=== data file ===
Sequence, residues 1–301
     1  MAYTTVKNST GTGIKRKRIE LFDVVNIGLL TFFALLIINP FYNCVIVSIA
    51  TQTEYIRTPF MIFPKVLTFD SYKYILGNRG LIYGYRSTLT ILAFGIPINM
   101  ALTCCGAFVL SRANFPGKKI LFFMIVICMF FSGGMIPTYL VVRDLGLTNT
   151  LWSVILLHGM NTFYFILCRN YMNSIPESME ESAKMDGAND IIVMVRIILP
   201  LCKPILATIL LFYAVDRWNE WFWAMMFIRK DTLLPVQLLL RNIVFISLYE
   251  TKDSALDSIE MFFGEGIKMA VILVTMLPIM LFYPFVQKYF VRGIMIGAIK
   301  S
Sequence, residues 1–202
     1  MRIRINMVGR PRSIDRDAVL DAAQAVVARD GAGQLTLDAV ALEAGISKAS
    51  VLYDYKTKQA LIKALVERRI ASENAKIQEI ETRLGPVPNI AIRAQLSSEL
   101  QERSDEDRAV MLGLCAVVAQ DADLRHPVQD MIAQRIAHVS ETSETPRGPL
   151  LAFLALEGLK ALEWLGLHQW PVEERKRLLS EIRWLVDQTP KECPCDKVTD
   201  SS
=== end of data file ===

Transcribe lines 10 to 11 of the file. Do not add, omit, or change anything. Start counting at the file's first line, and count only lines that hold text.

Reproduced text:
     1  MRIRINMVGR PRSIDRDAVL DAAQAVVARD GAGQLTLDAV ALEAGISKAS
    51  VLYDYKTKQA LIKALVERRI ASENAKIQEI ETRLGPVPNI AIRAQLSSEL